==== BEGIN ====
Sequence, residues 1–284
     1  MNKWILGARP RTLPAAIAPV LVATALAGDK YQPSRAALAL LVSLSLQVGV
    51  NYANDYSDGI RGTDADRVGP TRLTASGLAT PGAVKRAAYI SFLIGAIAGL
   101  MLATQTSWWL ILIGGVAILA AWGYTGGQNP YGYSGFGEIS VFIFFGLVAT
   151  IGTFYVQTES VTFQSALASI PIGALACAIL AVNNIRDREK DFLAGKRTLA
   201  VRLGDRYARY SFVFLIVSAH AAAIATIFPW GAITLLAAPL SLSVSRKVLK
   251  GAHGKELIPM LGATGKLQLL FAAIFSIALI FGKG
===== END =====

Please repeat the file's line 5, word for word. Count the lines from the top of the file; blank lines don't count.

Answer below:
   151  IGTFYVQTES VTFQSALASI PIGALACAIL AVNNIRDREK DFLAGKRTLA